Tech enabling highly personalised, creative workplaces
Digital technology is continuing to evolve at breakneck speed, affecting nearly every aspect of our working lives.
So said Dr. Roze Phillips, an MD for Accenture Consulting, speaking at the 60th annual Institute of People Management Convention event in Johannesburg today.
According to Phillips, connected smart devices, sensors, cloud, big data and analytics technologies are democratising the workplace by enabling tailored roles and rewards, allowing a flattening of the organisation and putting the "human back in" human capital."
"Technology is allowing employees to move away from doing mundane, dangerous work that machines can do for them. Machines are becoming cleverer in terms of how they respond to the user and how they think."
The workforce roles, demographics and expectations are changing, said Phillips. "By 2025, 75% of the workforce will be made of millennials - 15% of them are already managers.
"These millennials prefer to choose when and where to work rather than being placed in a nine-to-five position. About 90% of them do not plan to stay with any given employer for more than five years. They prefer on-the-spot recognition over formal reviews and 60% of them prefer a job with social impact - technology is a key influencer of these new ways of working."
Through digital, people can co-create highly personalised work experiences, lead and manage in ways that free employees to exercise judgment and release their creativity at all levels of the organisation, Phillips elaborated.
It is clear that the next major connected ecosystem to emerge beyond our cars and homes is likely to be the workplace - influenced by a number of factors, including millennials, where the benefits of living services for workers at all levels will be tangible, she said.
Living services, also known as the Internet of things, are the result of two powerful forces: the digitisation of everything and 'liquid' consumer expectation, she added.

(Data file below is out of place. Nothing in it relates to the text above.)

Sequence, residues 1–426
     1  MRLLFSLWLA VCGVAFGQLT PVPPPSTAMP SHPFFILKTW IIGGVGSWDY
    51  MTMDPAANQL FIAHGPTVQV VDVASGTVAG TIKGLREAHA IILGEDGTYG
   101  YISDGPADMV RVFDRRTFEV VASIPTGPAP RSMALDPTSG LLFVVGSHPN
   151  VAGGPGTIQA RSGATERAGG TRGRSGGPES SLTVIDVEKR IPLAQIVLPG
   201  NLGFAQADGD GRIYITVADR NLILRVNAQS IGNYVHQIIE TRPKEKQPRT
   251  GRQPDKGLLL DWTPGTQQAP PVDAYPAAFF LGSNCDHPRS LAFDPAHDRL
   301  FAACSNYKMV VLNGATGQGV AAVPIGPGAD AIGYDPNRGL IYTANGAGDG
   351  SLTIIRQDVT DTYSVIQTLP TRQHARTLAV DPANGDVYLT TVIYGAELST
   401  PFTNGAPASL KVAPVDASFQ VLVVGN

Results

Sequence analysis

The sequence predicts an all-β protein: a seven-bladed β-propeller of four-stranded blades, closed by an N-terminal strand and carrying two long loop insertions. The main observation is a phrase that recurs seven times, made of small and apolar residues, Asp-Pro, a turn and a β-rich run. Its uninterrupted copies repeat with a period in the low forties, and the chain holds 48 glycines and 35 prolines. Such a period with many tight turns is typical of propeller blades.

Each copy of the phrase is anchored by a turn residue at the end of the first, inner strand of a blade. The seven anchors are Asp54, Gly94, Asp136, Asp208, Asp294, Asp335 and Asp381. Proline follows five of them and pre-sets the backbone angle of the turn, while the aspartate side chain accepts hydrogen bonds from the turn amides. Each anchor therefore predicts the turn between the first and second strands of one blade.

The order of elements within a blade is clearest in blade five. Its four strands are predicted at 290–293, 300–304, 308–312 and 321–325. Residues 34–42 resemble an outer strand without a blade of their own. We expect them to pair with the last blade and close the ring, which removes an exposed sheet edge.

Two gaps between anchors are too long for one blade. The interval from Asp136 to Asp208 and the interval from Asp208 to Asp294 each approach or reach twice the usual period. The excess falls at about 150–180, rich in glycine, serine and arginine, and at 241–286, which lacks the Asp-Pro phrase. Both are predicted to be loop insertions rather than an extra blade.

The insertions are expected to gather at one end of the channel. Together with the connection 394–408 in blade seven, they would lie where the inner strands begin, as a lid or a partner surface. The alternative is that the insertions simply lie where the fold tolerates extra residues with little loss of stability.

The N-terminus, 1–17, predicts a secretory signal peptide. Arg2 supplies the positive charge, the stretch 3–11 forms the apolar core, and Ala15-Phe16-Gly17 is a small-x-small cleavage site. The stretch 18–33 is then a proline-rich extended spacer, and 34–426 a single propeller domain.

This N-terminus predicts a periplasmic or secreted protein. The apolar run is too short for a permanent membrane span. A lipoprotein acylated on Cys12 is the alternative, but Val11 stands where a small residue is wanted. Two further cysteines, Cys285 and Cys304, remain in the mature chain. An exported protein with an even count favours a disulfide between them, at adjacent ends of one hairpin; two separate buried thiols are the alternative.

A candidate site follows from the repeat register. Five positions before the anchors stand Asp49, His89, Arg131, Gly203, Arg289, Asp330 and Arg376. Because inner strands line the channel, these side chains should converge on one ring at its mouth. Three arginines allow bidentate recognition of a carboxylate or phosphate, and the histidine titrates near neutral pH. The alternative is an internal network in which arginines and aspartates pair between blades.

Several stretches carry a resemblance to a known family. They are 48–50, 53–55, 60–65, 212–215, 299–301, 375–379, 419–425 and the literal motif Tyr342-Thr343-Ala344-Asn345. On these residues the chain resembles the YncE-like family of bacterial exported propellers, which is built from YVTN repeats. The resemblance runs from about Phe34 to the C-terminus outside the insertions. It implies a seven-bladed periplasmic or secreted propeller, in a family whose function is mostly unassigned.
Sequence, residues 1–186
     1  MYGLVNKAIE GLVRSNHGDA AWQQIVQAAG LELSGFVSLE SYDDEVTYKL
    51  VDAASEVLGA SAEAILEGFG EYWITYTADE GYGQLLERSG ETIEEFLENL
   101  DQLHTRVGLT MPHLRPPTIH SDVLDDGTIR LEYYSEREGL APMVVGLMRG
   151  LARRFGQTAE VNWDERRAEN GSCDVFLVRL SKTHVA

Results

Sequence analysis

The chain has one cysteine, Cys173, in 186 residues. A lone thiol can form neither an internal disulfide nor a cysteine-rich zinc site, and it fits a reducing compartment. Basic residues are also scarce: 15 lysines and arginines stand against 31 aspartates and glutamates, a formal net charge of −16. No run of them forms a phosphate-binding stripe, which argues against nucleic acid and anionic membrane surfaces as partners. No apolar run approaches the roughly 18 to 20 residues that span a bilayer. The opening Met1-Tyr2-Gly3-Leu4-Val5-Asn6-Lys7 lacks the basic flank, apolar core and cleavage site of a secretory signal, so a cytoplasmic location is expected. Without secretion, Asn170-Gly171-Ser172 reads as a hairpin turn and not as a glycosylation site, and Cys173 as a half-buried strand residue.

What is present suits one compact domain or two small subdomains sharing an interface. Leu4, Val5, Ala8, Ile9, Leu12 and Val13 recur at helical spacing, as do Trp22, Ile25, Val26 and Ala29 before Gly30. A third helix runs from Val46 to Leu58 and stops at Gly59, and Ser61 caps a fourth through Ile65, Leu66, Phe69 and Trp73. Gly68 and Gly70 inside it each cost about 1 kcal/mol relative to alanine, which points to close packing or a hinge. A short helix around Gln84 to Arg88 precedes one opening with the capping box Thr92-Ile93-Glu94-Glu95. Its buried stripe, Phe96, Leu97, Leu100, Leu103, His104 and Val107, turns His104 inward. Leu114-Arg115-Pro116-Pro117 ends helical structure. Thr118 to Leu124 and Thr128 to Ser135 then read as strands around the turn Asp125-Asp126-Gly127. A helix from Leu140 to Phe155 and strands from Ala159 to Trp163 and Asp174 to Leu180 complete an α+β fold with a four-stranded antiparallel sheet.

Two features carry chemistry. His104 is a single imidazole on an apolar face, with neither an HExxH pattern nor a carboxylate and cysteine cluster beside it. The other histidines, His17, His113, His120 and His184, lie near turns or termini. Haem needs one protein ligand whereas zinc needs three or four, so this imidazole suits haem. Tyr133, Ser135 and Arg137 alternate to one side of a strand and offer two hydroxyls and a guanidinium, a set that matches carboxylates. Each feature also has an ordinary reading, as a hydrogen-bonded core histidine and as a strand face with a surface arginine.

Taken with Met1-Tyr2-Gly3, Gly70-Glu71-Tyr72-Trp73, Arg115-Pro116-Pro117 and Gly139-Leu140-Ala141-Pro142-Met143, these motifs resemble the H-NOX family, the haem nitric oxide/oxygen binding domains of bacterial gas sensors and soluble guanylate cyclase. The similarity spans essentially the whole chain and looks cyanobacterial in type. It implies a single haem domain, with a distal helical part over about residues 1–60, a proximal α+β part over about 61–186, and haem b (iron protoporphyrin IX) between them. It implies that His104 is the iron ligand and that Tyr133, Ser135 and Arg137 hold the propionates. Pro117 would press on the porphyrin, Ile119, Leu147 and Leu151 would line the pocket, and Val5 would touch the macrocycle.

Leading companies have realised the workplace changes in demographics and expectations, said Phillips.
As a result, they are applying consumer principles to raise the bar for the employee experience, delighting employees as they would customers, she continued.
These companies are putting experience at the heart to deliver differentiated employee experiences to attract, develop, engage, and retain top talent in today's digital economy, noted Phillips.
Studies have shown that companies who design their business and HR processes around the moments that matter to the employees outperform the S&P500 by 122%, she said.
So re-imagining your business process, structure and culture is not just a response to the impact of technology or the requirements of the future workforce, it also makes good business sense, explained Phillips.
Emotional intelligence, creative and critical thinking, as well as ingenuity, are going to be the skills human beings will need to focus on more and more to remain relevant, said Phillips, adding schools are not preparing graduates for these skills.
She therefore believes 'corporate universities' will become important in training employees in digital skills.
"We are going have to take graduates and use our corporate universities - that is on-the-job training - for them to learn how to work in the digital space.
"Everything analogue is going to become digital, work processes are going to become digital, your assistant is going to be inside a machine. Therefore digital fluency is an important skill and I absolutely advocate that as South Africans we make sure that kids are digitally fluent."
Phillips believes that if businesses lead in training employees in digital skills, then universities and the education system will follow.
Because technologies inventions are changing so rapidly and quickly, learning will need to be continuous, she emphasised. Organisations should make sure that employees are forever learning something new on e-learning portals or using YouTube videos, concluded Phillips.